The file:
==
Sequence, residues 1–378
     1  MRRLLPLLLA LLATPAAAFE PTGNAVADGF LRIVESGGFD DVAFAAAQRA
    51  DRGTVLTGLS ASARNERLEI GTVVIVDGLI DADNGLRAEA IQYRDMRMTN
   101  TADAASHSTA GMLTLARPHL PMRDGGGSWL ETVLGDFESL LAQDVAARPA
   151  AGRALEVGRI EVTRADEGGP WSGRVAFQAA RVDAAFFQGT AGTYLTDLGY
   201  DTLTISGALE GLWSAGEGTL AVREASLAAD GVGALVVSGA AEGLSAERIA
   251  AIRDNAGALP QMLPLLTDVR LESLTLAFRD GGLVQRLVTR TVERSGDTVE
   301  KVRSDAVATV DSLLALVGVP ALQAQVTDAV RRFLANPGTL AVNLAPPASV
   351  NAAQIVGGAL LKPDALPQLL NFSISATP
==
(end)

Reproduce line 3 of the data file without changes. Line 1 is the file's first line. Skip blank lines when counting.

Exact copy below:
    51  DRGTVLTGLS ASARNERLEI GTVVIVDGLI DADNGLRAEA IQYRDMRMTN